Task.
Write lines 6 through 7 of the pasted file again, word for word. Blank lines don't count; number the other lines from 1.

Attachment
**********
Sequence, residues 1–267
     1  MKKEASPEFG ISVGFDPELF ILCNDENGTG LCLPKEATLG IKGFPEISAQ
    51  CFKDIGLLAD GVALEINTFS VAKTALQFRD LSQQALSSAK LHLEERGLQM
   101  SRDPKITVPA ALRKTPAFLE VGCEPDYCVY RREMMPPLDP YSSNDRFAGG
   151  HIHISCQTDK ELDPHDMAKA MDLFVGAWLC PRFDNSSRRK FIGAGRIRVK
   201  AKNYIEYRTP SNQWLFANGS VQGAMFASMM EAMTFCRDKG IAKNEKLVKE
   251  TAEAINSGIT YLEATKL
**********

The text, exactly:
   201  AKNYIEYRTP SNQWLFANGS VQGAMFASMM EAMTFCRDKG IAKNEKLVKE
   251  TAEAINSGIT YLEATKL